‘The problem with the self-help ethos is that it privatises or individualises social problems. If there are no jobs it’s not due to your lack of positive thinking that you can’t get a job!’
The pace of modern life is accelerating, and the self-help shelves are groaning with advice on how to keep up – and stay positive in the process. But the demands of life in the fast lane come at a price: anxiety, fatigue and depression are at an all-time high, and our social interactions have become increasingly self-serving and opportunistic.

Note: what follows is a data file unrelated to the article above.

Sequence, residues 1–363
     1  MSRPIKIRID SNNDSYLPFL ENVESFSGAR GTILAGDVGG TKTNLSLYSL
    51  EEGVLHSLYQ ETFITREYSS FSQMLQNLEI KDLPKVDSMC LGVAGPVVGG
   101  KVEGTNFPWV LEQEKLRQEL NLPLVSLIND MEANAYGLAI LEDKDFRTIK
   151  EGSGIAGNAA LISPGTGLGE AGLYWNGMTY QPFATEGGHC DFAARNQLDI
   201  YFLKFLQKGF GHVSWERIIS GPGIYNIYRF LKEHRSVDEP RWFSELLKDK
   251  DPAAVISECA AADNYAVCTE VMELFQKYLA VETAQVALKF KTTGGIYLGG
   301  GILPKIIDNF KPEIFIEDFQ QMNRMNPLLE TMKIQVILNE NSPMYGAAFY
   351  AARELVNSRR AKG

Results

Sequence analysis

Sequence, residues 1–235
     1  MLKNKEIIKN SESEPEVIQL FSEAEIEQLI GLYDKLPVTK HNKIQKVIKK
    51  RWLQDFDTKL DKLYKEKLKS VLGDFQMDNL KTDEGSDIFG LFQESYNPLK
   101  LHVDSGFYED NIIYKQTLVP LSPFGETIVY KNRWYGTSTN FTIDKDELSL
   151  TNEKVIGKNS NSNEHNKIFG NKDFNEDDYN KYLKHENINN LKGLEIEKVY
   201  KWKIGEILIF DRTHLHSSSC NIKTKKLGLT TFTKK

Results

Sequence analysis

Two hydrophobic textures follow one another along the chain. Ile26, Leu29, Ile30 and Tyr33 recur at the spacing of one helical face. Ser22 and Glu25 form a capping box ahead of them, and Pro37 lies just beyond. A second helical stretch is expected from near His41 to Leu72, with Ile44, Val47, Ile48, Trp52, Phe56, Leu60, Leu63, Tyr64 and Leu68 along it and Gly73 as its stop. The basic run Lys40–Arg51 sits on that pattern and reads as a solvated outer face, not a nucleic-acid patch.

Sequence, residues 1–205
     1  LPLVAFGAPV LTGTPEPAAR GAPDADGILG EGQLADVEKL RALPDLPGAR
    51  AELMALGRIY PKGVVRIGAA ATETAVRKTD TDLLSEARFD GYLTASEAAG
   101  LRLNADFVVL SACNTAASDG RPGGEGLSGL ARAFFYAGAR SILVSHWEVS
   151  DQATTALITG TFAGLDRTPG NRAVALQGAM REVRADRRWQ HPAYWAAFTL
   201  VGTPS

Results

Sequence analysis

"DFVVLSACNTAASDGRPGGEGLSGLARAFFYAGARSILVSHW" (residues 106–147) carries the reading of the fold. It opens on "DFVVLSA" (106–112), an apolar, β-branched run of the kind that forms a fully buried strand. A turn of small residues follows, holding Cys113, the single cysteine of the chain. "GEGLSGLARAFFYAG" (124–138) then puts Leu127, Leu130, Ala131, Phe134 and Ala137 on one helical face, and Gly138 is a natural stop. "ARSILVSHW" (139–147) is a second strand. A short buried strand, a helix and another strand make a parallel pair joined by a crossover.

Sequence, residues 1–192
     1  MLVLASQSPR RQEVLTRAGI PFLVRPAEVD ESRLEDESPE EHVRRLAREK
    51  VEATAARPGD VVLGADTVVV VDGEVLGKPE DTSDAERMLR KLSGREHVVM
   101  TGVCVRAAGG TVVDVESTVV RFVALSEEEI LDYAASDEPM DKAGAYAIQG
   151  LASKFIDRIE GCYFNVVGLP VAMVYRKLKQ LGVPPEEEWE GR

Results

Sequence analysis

Even as profound social and political events unfold around us, we are repeatedly distracted by introspection and self-improvement. Why are we so obsessed with personal change and growth, and how can we channel this tendency into something more outward-looking?
Leading Danish philosopher and psychologist Svend Brinkmann argues that we must not be afraid to reject the self-help mantra. The secret to a happier life lies not in finding your inner self, but in coming to terms with yourself in order to coexist peacefully with others.